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July 26, 2017 8:45 AM, EDT

Oil Climbs From Seven-Week High on Signs US Stockpiles Plunged

Oil Rig Robert Seale/Bloomberg News

Oil extended gains from the highest close in seven weeks as industry data showed U.S. crude stockpiles plunged, easing a glut.

Futures climbed as much as 1.5% in New York after rising 4.6% in the previous two sessions. Inventories tumbled by 10.2 million barrels last week, the American Petroleum Institute was said to report. If that decline is replicated in government data July 26, it would be the biggest since September. The United Arab Emirates reiterated its commitment to OPEC production cuts and said it would deepen its own curbs.

Oil has traded below $50 a barrel since May amid concern that rising global output will offset reduced flows from members of the Organization of Petroleum Exporting Countries and its allies including Russia. While U.S. crude stockpiles continue to decline during a period of strong seasonal demand, they remain about 100 million barrels above the five-year average.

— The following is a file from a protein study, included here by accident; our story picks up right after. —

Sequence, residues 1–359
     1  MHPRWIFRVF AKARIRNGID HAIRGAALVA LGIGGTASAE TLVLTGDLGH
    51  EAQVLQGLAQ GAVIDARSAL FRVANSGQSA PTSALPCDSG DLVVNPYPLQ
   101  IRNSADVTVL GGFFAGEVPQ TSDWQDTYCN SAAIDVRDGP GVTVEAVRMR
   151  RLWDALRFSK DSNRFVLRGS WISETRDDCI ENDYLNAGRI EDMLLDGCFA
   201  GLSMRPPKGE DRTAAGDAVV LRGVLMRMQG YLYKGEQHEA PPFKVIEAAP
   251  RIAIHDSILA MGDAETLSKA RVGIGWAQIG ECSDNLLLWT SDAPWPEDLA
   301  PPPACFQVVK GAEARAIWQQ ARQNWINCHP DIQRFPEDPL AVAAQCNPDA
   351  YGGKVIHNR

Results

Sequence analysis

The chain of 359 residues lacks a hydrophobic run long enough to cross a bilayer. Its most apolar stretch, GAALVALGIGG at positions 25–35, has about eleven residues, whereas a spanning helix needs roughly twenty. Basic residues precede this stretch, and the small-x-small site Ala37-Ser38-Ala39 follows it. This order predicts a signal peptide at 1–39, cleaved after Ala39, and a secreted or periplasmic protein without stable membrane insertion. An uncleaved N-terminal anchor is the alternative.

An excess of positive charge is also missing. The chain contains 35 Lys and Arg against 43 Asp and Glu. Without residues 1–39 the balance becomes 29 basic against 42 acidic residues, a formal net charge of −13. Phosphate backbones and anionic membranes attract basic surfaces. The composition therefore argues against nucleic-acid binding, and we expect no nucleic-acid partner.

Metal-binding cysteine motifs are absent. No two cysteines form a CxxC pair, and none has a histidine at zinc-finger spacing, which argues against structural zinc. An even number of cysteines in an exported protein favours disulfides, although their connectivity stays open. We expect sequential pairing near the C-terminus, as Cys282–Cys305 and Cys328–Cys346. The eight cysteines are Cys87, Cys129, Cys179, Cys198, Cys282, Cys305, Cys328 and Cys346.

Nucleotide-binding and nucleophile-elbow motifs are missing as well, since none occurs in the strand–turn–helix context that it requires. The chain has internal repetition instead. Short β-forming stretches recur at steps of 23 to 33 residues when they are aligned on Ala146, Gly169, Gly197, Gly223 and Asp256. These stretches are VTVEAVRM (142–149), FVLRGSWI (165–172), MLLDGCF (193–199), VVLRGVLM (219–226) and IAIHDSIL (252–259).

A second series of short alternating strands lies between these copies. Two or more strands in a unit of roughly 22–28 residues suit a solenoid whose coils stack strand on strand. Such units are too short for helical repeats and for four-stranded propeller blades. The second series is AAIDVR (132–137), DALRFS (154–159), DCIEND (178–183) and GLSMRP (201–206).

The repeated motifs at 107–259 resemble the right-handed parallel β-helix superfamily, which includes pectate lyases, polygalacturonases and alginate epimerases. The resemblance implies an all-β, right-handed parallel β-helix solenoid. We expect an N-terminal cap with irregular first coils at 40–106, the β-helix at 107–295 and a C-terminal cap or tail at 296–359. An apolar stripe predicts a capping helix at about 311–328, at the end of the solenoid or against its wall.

The figure from the API “points to the largest draws in crude inventories year-to-date,” said Jan Edelmann, an analyst at HSH Nordbank AG in Hamburg. “If this number is confirmed by the official Energy Department report, this would help oil to maintain the current price level or to appreciate even further.”

West Texas Intermediate for September delivery rose as much as 70 cents to $48.59 a barrel on the New York Mercantile Exchange, and was at $48.36 as of 8:48 a.m. local time. Total volume traded was about 7% above the 100-day average. Prices gained $1.55 to $47.89 on July 25, the highest close since June 6.

Brent for September settlement climbed as much as 62 cents, or 1.2%, to $50.82 a barrel on the London-based ICE Futures Europe exchange, after adding 3.3% on July 25. The global benchmark traded at a premium of $2.21 to WTI.

U.S. gasoline stockpiles increased by 1.9 million barrels last week, the API said July 25, according to people familiar with the data. Analysts polled by Bloomberg News gauged the decline in crude inventories at 3 million barrels, according to the median estimate.

With assistance by Ben Sharples